I just got back from five days in West Texas and boy was it inspiring. If you've been, you know what I'm talking about. If you haven't, here's hoping some of the pictures here will prompt you to plan a trip soon. Hard to describe the incredible beauty out there. I'm not one who easily understands which colors work together when it comes to picking yarn-- which probably is why I prefer to knit projects in solid colors or using self-striping yarn. I do know a lot of designers turn to nature when deciding on what dyes to use. While I was out in the desert, where the cacti happen to be in bloom and the sunrises and sunsets are so magnificent, and the huge blue sky goes on forever-- well, I did have moments where I started to get it. And I think I might just try to get up my nerve one of these days and pick out some different yarns to use together, taking the big hints Mother Nature so readily supplies.
Some of these photos were taken by my sidekick, Warren. He makes fun of me for always bringing knitting along, even on strenuous hikes. To each his own-- I often tease him for bringing a four hundred pound camera along. He did take a few shots of me working on my latest obsession-- right before I left I stopped by the shop and, with Kathy's help, settled on the perfect vacation project. I picked up some of that new Alchemy I was telling you about, which is so incredible I want to cry every time I touch it/look at it/work with it. Kathy got me going on a Lacey Stole-- you can get a free copy of the pattern at the store.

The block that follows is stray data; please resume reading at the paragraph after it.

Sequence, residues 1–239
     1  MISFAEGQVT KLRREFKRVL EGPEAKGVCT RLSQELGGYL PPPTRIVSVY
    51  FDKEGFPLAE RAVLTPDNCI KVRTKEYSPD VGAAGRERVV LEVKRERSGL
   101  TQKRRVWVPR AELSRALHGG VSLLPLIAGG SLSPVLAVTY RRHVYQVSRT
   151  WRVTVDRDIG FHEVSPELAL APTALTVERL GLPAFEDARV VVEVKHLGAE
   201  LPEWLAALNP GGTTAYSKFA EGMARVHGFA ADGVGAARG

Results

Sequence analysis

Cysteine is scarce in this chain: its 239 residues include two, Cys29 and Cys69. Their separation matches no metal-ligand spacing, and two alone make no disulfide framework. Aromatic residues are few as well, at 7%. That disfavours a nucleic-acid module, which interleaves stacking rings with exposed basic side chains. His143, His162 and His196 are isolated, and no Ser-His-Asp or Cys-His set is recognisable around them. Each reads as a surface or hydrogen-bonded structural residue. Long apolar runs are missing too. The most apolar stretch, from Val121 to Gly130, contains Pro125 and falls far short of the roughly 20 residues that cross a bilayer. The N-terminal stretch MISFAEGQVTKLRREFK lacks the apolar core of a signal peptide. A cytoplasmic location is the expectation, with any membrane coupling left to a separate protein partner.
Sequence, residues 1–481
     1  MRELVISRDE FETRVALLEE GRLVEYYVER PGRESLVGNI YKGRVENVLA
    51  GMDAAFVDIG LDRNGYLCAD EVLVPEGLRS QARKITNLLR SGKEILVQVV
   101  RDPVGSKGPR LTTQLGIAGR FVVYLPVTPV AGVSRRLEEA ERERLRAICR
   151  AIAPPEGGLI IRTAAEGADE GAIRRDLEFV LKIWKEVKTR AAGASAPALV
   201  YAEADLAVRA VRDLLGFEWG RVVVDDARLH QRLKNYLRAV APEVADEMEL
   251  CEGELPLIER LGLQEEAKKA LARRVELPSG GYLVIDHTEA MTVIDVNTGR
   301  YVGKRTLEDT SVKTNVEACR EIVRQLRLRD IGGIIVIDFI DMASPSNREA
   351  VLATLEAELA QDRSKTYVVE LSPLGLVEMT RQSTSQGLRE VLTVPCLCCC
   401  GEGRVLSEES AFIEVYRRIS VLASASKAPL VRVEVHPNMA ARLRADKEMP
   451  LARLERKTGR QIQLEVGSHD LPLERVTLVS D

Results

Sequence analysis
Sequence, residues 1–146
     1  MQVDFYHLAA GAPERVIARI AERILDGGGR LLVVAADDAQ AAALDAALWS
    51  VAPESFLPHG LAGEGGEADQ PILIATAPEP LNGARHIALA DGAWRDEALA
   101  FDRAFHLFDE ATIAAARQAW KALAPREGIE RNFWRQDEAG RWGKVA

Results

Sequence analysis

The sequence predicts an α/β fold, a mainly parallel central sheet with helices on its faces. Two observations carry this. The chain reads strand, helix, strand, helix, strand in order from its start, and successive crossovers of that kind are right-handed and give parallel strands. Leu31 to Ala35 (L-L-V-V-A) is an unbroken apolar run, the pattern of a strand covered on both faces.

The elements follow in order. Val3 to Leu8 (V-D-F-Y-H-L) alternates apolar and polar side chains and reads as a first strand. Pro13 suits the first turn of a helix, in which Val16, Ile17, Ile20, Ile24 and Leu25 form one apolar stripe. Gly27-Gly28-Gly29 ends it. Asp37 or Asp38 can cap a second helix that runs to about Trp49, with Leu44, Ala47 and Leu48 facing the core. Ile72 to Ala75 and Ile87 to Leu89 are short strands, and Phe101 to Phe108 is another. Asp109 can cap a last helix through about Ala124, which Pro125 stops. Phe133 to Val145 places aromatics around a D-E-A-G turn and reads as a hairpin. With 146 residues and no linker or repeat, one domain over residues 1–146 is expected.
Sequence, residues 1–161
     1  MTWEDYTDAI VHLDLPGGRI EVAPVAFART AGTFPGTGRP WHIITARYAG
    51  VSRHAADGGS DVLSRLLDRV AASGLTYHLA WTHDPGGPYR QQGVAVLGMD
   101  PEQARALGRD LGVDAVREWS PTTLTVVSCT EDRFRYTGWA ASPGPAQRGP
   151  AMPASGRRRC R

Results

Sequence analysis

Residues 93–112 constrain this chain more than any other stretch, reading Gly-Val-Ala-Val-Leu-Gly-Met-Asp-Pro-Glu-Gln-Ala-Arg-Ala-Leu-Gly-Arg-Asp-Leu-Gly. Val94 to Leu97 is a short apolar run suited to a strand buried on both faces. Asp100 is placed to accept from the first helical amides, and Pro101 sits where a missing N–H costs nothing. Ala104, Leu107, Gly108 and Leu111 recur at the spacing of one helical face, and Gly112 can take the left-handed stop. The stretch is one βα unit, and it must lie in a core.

This pattern is a Feather and Fan. When I was at the knitting retreat hosted by Robin last week, someone was wearing a finished Lacey Stole, and I just loved it. Here's a pic of a F&F in progress:
Everyone at the retreat insisted this was a really simple pattern. Lace is not my strong suit, but after hearing over and over that this lace is totally doable, I decided to give it a shot. They weren't kidding. Once you do your set up rows (mostly garter) you follow a very basic pattern-- worked 18 stitches at a time in 4 rows-- you can make it as wide and as long as you want. It goes like this:
1st row: Knit
2nd row: Purl
3rd row: K2 *(K2tog) 3x, (YO, K1) 6x, (K2tog) 3x, repeat from * 5x, K2
4th row: P2, Knit across, P2
I had it memorized by the second set of four rows, and am hap-hap-happily knitting away on it. There's something about sitting in a stunning canyon, looking out for miles and miles, that adds to the fun so, like I said, you might consider a trip out West as an ideal way to work this project.
Suzanne made one of these in linen-- another lovely option, and good for summer knitting. You can see the sample on display when you go pick up your copy of the pattern. Here are trip pics-- I even spotted some recently shorn sheep (thank you sheep, for all the wool...):